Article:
Gushie Soak-Away Pit Sanitation Project – Ghana

Gushie, Northern Region, Ghana

Community Description
Gushie is a small farming village in the Northern Region of Ghana, approximately 50 km north of Tamale, the regional capital. Gushie has a population of just under 1,000 people and does not have electricity.

The village is mostly comprised of people from the Dagomba and Fulani tribes, and Islam is practiced as the primary religion. November to May marks the dry season in the region, after which the rainy season brings rains and humid weather from June to October.

Because villagers live in compounds consisting of several family members living in small mud huts connected by a large communal area, the bathing area for an average compound must support at least 10-15 people. These areas are often little more than a half wall of mud with a small hole in the corner for run-off water, and families use these areas both as a place for bucket bathing and as makeshift latrines for liquid waste.

The lack of basic sanitation facilities and proper water management has become one of the most urgent threats to the health of the village, particularly during the rainy months when flooding is a common occurrence. The excess water and waste from bathing areas simply flows outside onto the ground and, collects in stagnant pools of liquid waste that often intersect with footpaths or other living areas. The overall health of the village is compromised throughout the year because these brackish ponds provide an ideal place for the breeding of mosquitos, disease-carrying flies, and waterborne parasites.

Project Description
This project consists of the building of soak-away pits for twenty households in the Gushie community.

The pits will be constructed behind the bathing areas of these compounds using PVC piping that will feed the excess water and liquid waste into deep, covered pits filled with rocks, so that the water is properly disposed of. This will deter contaminated flooding and the accompanying breeding of insects.

The majority of households in the community are participating in the project, which will begin with pits being built in areas that directly intersect often-used walking paths and places where villagers spread their crops for drying.

This project is being led by a group called Fara Je Maahim, which is comprised of young adults from the community who meet regularly to organize small projects such as community clean-up days and to financially support fellow members in the village in times of death or other hardships. The members of this group range from 15 to 25 years of age, and have consistently set an example of leadership in Gushie by initiating educational programs and carrying out small but effective health projects that have addressed issues like trash removal and malaria prevention.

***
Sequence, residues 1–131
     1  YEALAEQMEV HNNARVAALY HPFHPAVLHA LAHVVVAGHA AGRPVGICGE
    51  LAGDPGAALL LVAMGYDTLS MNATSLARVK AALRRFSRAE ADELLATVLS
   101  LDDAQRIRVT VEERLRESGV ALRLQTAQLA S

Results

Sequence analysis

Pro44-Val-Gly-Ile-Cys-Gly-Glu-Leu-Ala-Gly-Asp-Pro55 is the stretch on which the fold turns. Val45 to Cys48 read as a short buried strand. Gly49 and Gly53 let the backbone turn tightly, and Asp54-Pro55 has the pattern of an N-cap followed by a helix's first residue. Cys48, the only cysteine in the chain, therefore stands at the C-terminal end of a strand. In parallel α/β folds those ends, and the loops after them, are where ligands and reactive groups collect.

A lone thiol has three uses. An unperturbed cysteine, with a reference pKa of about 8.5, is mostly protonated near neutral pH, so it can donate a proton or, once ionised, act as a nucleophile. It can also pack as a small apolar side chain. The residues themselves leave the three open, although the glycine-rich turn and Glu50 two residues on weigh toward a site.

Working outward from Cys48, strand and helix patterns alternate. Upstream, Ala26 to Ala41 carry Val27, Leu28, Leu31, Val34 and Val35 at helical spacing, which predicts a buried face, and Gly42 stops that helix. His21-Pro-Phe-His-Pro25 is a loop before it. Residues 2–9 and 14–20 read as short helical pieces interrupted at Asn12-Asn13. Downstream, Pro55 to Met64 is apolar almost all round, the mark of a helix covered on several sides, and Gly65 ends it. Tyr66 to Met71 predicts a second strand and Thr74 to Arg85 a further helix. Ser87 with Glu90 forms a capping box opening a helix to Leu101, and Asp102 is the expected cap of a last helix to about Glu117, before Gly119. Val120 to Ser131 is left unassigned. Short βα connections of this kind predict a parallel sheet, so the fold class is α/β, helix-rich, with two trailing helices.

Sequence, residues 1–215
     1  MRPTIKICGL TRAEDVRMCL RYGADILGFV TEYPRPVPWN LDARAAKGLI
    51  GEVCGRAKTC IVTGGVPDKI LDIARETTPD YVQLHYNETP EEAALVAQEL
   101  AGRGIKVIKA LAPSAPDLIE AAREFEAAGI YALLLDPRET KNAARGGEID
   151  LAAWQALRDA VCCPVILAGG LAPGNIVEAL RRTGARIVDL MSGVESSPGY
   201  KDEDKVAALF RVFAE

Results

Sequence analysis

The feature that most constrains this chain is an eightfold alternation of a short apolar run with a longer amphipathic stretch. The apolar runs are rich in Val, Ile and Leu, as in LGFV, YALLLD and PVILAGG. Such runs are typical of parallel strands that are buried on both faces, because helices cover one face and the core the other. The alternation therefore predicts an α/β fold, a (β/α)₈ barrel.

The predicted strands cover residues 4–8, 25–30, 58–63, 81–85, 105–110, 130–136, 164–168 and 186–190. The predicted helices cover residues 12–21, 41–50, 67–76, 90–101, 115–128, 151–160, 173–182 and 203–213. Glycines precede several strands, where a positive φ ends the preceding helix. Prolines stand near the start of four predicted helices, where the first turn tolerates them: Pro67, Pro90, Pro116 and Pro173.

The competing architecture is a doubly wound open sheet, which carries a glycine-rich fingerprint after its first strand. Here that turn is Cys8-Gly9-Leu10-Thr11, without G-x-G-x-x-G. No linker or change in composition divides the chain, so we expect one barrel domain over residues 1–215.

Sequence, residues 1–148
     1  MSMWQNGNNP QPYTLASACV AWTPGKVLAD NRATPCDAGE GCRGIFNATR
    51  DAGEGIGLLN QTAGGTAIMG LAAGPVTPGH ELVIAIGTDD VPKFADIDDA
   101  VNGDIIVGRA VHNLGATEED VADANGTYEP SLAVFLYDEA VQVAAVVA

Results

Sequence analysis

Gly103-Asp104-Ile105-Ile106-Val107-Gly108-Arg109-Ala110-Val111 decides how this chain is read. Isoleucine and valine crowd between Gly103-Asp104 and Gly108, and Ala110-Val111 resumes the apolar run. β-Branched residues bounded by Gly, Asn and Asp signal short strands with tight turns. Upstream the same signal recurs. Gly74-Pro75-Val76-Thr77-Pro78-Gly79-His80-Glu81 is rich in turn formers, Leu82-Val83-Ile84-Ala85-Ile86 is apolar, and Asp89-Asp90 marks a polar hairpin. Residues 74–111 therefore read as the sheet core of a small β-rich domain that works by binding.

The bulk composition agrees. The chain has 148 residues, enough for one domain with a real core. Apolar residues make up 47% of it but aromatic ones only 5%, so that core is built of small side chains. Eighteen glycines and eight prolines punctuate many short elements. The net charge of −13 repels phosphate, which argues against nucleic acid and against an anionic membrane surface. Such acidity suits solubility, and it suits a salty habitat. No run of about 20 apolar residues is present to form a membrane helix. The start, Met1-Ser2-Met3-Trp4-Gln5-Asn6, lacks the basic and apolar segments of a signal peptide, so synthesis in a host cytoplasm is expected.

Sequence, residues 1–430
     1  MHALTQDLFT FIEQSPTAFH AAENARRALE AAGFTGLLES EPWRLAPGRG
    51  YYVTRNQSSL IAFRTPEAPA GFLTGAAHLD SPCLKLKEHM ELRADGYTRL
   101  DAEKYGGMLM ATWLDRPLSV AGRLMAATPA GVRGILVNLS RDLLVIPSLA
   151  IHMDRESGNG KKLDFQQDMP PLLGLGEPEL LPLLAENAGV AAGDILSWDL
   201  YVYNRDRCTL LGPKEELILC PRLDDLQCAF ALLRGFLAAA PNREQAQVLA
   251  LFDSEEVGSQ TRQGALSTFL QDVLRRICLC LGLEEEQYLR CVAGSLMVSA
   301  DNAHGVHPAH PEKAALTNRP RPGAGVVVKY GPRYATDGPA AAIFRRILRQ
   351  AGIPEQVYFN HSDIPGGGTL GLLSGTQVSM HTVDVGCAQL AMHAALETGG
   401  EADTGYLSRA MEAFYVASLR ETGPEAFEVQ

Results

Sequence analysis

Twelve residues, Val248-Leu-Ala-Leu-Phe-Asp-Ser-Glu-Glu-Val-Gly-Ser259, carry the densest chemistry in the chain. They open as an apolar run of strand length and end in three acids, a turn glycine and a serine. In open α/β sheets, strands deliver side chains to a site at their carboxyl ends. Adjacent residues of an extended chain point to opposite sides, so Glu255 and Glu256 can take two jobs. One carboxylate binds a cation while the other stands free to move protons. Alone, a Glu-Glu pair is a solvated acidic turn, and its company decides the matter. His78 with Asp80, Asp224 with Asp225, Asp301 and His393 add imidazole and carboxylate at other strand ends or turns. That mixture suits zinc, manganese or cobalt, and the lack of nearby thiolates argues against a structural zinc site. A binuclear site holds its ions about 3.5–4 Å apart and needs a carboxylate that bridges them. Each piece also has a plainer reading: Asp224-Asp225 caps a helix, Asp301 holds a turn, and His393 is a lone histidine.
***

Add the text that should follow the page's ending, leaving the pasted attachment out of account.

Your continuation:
The group has committed to lead the project efforts by identifying which households currently have improper water drainage systems and sponsoring training sessions to educate the community on the gravity of current sanitation deficiencies. Members from this group will also assist and oversee each household in the construction of the pits from start to finish.

Community members will provide all of the labor for each soak-away pit by digging the holes, collecting rocks to fill the pits, constructing the drainage pipes, and covering the pits so they can be used for liquid waste management for many years to come.

Project funds will be used to purchase the materials for the project.

Project Impact
This sanitation project will directly benefit 400 people in Gushie. However, this project will more broadly improve the health and sanitation of the entire community of 1,000 by minimizing the existence of stagnant water and thereby reducing the presence of mosquitos, flies, and waterborne parasites.

Peace Corps Volunteer Directing Project
Katie Kirouac

This is a necessary project using appropriate technology. It will have an immediate and long-lasting impact on the reduction of disease, and result in widespread improvement of the public health and wellbeing of the entire community.

Dollar Amount of Project

Donations Collected to Date

Dollar Amount Needed

$0.00 – This project has been fully funded, through the generosity of The Soneva SLOW LIFE Trust as a part of their Clean Water Projects initiative.

We encourage others to continue to donate using the Donate button below, and we will notify Peace Corps Volunteer Katie Kirouac of your donation. Additional funds will be used to fund the next project by Katie and/or those other PCVs in the country of service.

This project has been finished. To read about the conclusion of the project, CLICK HERE.